The accountability challenge for climate diplomacy

DISCLAIMER: All opinions in this column reflect the views of the author(s), not of EURACTIV Media network.

The current climate change summit in Bali could be “a milestone towards real progress on climate change” and therefore needs to identify ways to “link the emission reductions to incentives for cleaner, alternative paths for growth”, argues Alejandro Litovsky in an Open Democracy commentary.

“The principal challenge for climate diplomacy is to engage actors across energy-sector divides and ensure they support the climate process,” according to the author. 

The commentary cautions that “the climate problem cannot be solved without transforming the energy sector,” adding that “this is a difficult task, but also an urgent one.” 

“The diplomatic task is to make room for a large-scale transition to renewable energy,” the Open Democracy commentary argues. 

“The building of a ‘de-carbonised society’ is a huge challenge,” but “not unrealistic”, Litovsky states, referring to developing countries from South Korea to Algeria that “are showing practical solutions to champion renewable-energy competitiveness.”

Much depends on the direction China as the future world leader in renewable energy takes, the writer adds. 

Regarding Bali, the author hopes that these talks can initiate a process which might eventually lead to a new treaty. This new treaty should “set the world on the path to reduce its greenhouse gas emissions to 80% below 1990 levels by 2050”, although the volume of emissions is “likely to increase steadily through to 2030”, asserts the commentary, quoting an International Energy Agency (IEA) report. 

From 2008 onwards, the UN climate system then needs to achieve the following three outcomes, according to Litovsky:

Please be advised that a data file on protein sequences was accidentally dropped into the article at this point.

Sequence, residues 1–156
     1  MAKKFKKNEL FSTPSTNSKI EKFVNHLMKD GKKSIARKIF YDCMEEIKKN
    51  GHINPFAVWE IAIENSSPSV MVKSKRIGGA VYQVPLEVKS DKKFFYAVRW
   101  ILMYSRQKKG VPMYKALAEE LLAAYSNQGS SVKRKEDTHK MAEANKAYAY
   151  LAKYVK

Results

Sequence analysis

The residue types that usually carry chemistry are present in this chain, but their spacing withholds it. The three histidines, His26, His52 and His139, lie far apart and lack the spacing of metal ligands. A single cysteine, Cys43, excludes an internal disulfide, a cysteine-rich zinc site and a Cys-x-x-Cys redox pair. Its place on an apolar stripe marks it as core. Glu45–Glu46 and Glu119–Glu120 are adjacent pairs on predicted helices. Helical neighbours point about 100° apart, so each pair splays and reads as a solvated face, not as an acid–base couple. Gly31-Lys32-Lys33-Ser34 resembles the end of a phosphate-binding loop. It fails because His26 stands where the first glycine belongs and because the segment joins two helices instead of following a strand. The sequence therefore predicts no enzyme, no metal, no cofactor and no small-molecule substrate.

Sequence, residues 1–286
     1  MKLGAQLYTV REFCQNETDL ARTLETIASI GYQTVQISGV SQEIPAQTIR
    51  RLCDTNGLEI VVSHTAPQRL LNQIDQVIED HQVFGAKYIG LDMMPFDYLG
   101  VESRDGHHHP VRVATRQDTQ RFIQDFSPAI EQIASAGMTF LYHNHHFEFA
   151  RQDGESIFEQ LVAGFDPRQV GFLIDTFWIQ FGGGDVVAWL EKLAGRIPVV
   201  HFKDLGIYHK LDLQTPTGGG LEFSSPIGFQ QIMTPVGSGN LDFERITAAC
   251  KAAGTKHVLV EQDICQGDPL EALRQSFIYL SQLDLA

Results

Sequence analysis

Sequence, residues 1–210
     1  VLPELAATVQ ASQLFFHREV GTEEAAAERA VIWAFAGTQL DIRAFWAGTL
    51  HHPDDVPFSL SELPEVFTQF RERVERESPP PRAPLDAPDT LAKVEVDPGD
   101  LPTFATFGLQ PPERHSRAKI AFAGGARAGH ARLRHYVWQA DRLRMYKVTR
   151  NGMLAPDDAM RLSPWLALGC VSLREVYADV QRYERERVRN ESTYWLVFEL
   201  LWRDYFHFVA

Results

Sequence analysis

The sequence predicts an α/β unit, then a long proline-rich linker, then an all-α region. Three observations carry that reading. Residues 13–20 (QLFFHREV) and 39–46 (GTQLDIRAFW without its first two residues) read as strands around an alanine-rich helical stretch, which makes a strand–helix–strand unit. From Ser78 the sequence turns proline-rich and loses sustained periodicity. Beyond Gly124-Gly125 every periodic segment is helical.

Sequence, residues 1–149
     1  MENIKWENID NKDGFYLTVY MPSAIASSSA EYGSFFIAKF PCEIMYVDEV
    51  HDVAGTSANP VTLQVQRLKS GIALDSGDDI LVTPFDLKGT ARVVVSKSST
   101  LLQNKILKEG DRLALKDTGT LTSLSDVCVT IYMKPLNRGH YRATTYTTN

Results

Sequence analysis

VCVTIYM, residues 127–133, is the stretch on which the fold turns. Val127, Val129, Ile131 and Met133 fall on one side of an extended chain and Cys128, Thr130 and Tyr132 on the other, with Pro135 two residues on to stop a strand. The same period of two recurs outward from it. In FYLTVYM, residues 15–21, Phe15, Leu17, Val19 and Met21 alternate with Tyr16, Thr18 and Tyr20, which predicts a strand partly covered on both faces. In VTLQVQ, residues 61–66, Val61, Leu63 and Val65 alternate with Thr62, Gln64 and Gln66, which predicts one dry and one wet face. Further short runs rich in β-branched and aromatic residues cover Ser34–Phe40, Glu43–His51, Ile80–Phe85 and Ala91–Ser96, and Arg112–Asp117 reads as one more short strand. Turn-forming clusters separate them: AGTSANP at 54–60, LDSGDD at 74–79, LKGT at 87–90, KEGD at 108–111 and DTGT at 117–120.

• Gain support from trade rules and the WTO for the climate agenda as the Kyoto dispute settlement mechanisms do not adequately consider trade-related disputes. 
  • Continue to build on existing initiatives from the private financial sector such as the UNEP “finance initiative”, the “HSBC climate partnership” or the “investor network” on climate risk, with the objective of developing an coordinated approach in which stronger commitments from private investors to finance renewable energy can strengthen “country commitments” to reduce their greenhouse gas emissions. 
  • Achieve stronger commitments from multilateral agencies to address emission reductions. Multilaterals should help decrease the dependency of developing countries on carbon-based technologies, not lock them into a technology-path dependency. 

Much depends on government policies: from lowering investor risks to new regulation, such as feed-in tariffs. “But individual governments can achieve little if the international patterns of investment in energy infrastructure, trade rules, and energy policy benchmarks” do not correspond with this goal, Litovsky says. “Here the climate diplomacy can make a distinctive difference,” according to the analysis. 

“Achieving the right economic incentives depends on getting accountability right,” Litovsky adds. So far, the proposals that have been made for the post-2012 climate regime “point in the right direction, but none offer guidance on how to improve this governance problem,” the article points out. 

Litovsky concludes by saying that 2008-09 is “a crucial period to re-engineer the global climate architecture” and “we will fail our targets for 2050 unless we act now”. 

The commentary cites the IEA, which said that “the next ten years will be crucial for all countries including China and India” and “we need to act now to bring about a radical shift in investment in favour of cleaner, more efficient and more secure energy technologies”. 

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